If you like a cheesy crust, broil for a few minutes before serving for a browned and bubbly surface.
What’s the difference between scalloped potatoes and au gratin potatoes?
Scalloped potatoes are typically thicker in size, about 1/4-inch compared to 1/8-inch thick pieces for au gratin. In addition, traditionally scalloped potatoes do not contain cheese, while gratin potatoes contain cheese.
However, over time the two names have been used interchangeably, which is why it’s easily confused. I kept this recipe classic and felt that the combination of heavy cream and layers of potatoes doesn’t need extra cheese.
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Use heavy cream to prevent curdling
The proteins become unstable and separate when milk is heated to near boiling. It’s a visible change that looks like cottage cheese. Even though this doesn’t affect the taste, the texture is compromised. Using a higher-fat dairy product like heavy cream can better tolerate the higher temperatures in the oven over an extended period, preventing curdling of the milk proteins.
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- Preheat the Oven – Set the oven rack to the middle position and preheat to 375ºF (191ºC).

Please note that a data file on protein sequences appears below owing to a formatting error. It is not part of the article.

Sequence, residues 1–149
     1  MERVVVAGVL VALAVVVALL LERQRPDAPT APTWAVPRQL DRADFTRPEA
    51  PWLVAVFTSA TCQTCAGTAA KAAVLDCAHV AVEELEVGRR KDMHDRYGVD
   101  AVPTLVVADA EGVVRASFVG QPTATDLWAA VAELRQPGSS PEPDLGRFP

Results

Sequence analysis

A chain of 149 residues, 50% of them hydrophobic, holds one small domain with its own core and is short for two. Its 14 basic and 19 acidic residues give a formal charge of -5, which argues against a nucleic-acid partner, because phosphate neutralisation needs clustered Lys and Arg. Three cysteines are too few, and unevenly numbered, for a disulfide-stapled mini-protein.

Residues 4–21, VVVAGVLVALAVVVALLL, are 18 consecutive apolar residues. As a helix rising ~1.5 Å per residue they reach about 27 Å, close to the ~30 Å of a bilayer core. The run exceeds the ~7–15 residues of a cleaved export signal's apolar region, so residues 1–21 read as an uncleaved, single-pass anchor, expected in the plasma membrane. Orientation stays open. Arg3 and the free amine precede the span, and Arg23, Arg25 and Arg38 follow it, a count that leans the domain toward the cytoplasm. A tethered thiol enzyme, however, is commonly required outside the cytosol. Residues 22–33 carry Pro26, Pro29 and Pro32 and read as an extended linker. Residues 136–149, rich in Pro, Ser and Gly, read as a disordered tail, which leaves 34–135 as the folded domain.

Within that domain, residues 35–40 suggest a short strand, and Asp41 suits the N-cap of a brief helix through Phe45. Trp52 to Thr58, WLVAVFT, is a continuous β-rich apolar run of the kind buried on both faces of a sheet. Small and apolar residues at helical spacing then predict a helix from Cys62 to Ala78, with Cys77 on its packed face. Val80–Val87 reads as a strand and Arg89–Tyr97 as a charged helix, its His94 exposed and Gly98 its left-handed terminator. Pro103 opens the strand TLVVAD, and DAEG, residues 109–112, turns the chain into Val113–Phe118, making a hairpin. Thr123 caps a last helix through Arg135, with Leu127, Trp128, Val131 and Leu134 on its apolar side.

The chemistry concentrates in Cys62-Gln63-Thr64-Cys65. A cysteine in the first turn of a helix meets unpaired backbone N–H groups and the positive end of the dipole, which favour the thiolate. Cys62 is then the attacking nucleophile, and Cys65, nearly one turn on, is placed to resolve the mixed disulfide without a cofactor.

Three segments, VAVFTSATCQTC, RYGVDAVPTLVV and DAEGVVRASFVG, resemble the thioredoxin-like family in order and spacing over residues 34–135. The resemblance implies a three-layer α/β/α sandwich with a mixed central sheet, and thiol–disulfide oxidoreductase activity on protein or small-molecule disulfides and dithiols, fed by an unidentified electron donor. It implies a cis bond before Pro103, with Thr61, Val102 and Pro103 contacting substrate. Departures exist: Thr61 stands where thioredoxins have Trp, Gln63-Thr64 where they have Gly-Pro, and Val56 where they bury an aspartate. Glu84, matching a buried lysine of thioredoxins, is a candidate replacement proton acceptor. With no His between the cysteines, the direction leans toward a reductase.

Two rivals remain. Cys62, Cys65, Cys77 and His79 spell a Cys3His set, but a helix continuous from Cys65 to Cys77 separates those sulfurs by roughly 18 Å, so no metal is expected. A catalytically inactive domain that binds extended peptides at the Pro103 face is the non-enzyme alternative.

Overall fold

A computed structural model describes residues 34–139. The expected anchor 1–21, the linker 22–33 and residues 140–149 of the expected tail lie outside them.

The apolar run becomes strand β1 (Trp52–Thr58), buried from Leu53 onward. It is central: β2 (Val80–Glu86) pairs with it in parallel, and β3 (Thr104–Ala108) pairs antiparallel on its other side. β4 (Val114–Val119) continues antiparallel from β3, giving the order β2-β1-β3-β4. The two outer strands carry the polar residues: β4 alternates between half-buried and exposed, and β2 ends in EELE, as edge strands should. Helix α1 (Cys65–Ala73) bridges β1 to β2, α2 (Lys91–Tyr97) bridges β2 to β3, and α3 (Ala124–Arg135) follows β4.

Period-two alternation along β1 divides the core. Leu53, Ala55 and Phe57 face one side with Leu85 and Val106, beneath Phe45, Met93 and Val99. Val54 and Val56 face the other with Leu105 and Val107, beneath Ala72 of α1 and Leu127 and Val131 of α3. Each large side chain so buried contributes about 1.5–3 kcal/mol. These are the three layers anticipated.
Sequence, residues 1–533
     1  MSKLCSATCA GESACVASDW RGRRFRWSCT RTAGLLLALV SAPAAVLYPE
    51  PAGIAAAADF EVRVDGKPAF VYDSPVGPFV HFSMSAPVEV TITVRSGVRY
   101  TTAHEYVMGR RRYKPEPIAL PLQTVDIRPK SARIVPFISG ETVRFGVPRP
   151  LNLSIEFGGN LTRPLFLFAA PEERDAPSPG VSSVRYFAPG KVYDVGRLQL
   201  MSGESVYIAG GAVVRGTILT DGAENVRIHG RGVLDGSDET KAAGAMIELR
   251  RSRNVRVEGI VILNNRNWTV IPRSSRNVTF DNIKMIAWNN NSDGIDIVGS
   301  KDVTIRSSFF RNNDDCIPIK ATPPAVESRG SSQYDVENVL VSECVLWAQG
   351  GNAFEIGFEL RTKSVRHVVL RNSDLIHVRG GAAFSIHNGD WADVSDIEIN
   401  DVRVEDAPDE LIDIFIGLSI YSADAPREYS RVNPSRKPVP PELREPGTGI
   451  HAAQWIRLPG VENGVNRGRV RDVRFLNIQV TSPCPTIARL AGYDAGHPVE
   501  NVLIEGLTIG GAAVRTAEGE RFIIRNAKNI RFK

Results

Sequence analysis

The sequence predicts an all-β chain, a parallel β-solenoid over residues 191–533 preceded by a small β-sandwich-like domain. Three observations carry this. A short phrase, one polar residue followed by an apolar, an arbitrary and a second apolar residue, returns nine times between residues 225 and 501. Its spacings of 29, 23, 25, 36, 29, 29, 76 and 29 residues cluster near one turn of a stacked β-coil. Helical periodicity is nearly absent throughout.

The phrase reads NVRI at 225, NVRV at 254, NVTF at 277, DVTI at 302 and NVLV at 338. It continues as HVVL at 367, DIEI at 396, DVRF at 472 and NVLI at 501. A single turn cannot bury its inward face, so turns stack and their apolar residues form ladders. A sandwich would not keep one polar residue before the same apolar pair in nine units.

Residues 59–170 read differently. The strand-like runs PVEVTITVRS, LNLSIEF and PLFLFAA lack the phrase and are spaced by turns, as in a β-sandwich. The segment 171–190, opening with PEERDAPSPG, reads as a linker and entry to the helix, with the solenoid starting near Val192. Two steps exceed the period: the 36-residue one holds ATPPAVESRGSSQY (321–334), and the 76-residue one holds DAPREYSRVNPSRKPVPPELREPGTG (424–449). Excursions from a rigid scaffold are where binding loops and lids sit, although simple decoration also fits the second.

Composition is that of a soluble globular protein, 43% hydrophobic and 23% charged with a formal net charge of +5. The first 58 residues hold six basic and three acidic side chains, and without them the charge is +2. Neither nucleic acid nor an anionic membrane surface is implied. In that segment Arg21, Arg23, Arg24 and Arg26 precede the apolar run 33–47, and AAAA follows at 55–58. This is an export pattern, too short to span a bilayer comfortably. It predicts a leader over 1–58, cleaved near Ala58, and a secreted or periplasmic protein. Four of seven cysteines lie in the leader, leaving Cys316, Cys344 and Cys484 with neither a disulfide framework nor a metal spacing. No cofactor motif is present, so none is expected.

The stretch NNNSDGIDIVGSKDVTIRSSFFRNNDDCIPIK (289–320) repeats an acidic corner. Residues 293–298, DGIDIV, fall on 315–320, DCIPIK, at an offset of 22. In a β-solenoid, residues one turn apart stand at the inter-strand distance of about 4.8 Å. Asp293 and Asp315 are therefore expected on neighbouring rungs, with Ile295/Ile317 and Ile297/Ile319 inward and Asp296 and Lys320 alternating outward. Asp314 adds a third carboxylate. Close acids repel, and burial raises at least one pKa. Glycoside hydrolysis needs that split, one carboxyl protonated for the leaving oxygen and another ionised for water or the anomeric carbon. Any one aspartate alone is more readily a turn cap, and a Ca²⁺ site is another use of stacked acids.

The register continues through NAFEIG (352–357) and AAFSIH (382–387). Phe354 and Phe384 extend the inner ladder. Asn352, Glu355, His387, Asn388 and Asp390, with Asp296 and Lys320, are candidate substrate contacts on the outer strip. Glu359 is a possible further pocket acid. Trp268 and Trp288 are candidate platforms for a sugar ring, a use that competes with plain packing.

- Prepare the Cream – In a medium saucepan over medium-low heat, add heavy cream, milk, minced garlic, salt, pepper, nutmeg, and thyme. Bring to a simmer, occasionally stirring, about 10 minutes.Remove the thyme and transfer the mixture to a large measuring cup. Cool to room temperature while preparing the potatoes.
- Prepare the Casserole Dish – Grease the bottom and sides of an 8-Inch square baking dish with 1 tablespoon of melted butter.
- Layer the Potato Slices – Wash and peel the potatoes, and cut them into ¼" thick slices. Arrange a third of them in overlapping rows, about 4 rows in the casserole dish. Whisk and then evenly pour a third of the cream mixture over the top.Repeat two more times with the remaining potatoes. Cut 1 tablespoon of butter into small cubes and arrange them evenly on top.
- Bake the Casserole – Cover the dish with foil and place it on a large sheet pan. Bake for 60 to 75 minutes, until potatoes are fork-tender. Remove the foil and broil on high, about 8" from the top of the oven, until the potatoes are browned, about 5 minutes.
- Cool Before Serving – Wait 10 minutes before serving. Garnish with parsley and black pepper.
- Potato Substitutions: Other waxy potatoes like gold (similar to Yukon gold) or red potatoes can be used.
- Storing: Cover and store in the refrigerator for up to 5 days. Freeze for up to 1 month.
- Reheating: Cover and reheat small portions in the microwave on a high setting in 15 to 30-second increments until hot. Alternatively, cover and bake at 350ºF (177ºC) until hot.
Percent Daily Values are based on a 2000-calorie diet. All nutritional information is based on estimated third-party calculations. Each recipe and nutritional value will vary depending on the brands you use, measuring methods, and portion sizes per household.